Phenomenological primitives inintroductory computer science students’ understanding of recursion
Annual meeting of the American Educational Research Association
Recursion is a difficult concept in introductory computer science courses. This study advances our understanding of students’ learning difficulties by applying the Knowledge in Pieces theory to explain students’ inconsistent performance on recursive programming. The theory posits that different task features differentially constrain the behaviors of intuitive knowledge, thus render it productive or problematic in different cases. This subtle mechanism gives rise to the inconsistent performance across tasks that target the same concept. Data were collected using carefully designed test items that represent various levels of situational constraint and also triangulated through follow-up in-depth interviews. The results support the hypothesis. This new understanding creates the opportunity to reconceptualize assessment and instruction practices.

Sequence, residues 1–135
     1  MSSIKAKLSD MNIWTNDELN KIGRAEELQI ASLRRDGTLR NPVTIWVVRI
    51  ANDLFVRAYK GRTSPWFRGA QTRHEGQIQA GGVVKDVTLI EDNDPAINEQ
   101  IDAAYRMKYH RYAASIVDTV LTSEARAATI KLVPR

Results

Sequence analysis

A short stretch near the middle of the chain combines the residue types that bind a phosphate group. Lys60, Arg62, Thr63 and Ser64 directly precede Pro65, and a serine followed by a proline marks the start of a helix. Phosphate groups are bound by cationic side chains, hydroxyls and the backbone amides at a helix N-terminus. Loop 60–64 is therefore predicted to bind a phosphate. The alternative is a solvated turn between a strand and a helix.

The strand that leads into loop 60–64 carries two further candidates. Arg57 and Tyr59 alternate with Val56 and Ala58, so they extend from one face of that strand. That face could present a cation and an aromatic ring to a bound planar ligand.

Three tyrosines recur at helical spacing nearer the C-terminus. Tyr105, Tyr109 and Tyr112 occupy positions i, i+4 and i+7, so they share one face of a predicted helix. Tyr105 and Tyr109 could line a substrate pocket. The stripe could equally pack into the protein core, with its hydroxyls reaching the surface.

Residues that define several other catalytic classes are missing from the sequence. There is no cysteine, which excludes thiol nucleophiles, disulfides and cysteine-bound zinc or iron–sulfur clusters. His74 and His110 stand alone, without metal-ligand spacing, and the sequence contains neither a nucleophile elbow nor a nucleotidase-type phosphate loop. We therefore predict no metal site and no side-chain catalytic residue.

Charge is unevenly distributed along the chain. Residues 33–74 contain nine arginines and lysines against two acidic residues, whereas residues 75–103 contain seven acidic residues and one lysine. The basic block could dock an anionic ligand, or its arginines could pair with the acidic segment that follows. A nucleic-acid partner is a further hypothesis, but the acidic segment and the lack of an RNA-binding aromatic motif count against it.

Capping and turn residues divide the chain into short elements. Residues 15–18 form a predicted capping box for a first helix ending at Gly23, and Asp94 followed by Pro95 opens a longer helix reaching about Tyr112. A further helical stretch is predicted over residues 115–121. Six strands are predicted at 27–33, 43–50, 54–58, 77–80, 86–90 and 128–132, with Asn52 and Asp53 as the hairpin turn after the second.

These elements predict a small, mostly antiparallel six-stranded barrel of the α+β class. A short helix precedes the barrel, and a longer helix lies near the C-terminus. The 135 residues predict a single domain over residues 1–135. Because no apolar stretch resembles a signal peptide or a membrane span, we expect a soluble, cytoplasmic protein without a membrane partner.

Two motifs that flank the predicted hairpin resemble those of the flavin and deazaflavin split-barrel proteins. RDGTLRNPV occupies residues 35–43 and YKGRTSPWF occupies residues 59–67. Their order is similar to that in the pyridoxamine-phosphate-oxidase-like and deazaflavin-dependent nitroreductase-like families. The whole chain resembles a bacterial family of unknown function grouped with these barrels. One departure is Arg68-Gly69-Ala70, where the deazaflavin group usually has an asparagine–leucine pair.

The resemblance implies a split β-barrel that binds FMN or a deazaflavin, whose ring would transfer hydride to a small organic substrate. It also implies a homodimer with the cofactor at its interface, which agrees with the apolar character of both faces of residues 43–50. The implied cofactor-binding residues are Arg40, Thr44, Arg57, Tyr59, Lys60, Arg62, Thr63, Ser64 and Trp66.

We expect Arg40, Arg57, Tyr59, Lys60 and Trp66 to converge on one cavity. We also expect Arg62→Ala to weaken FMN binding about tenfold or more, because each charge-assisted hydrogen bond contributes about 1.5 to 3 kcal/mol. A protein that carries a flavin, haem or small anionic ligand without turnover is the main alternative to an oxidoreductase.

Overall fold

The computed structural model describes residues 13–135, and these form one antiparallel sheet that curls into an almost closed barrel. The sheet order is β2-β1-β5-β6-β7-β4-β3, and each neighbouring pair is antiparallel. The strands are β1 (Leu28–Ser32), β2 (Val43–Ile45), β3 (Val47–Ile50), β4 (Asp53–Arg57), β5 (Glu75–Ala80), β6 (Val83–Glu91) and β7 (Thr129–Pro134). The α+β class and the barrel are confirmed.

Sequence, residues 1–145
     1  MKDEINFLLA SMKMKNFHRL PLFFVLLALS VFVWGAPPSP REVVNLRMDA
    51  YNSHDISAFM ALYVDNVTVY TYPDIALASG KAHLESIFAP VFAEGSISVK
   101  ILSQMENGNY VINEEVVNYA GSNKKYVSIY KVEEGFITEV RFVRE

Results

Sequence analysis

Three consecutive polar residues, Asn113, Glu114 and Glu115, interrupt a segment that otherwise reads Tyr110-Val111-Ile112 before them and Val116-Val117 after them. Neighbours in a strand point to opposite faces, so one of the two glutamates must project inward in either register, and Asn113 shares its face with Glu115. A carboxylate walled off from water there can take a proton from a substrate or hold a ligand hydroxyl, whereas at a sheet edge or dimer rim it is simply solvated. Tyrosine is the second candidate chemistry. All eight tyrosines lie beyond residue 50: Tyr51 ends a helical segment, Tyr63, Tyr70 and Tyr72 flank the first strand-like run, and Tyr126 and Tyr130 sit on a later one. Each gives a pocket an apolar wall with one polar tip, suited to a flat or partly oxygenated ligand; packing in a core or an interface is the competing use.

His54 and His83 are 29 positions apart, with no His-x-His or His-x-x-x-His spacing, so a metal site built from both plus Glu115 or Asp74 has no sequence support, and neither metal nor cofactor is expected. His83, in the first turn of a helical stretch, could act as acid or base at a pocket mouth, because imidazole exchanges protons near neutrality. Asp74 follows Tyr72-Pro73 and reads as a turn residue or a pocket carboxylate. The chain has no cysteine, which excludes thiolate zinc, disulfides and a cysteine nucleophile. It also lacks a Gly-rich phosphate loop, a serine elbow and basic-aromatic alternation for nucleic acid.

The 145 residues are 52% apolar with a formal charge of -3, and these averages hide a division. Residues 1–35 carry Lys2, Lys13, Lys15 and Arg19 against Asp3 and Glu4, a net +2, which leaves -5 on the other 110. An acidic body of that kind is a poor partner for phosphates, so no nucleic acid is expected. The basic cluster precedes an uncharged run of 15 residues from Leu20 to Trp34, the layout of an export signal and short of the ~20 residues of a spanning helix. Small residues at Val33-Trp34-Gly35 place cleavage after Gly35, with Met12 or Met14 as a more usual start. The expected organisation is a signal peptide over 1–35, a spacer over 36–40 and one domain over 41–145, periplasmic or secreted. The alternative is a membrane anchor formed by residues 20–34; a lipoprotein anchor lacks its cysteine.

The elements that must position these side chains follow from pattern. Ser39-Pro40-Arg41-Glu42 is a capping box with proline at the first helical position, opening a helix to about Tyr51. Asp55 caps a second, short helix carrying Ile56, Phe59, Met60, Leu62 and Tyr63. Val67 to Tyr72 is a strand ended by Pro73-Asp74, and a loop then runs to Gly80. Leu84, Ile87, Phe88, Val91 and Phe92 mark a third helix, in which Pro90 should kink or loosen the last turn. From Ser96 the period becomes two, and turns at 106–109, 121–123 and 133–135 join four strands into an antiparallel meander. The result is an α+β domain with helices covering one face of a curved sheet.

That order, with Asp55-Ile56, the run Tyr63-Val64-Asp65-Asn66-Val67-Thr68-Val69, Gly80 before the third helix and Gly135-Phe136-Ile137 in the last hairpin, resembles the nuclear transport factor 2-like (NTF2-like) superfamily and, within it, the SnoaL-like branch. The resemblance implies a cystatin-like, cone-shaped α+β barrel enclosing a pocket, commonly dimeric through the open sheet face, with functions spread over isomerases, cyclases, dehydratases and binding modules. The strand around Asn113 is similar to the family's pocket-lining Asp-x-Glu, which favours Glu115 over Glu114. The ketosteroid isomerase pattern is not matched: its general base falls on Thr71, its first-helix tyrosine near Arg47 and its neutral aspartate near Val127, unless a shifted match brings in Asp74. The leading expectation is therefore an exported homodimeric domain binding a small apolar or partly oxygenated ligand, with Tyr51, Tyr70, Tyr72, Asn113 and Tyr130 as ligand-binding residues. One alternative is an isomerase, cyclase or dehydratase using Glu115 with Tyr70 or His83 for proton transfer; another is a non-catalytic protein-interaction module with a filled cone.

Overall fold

Chao, J., Feldon, D. F., & Cohoon, J. (2013). Phenomenological primitives in introductory computer science students’ understanding of recursion. Paper to be presented at the annual meeting of the American Educational Research Association. San Francisco, CA.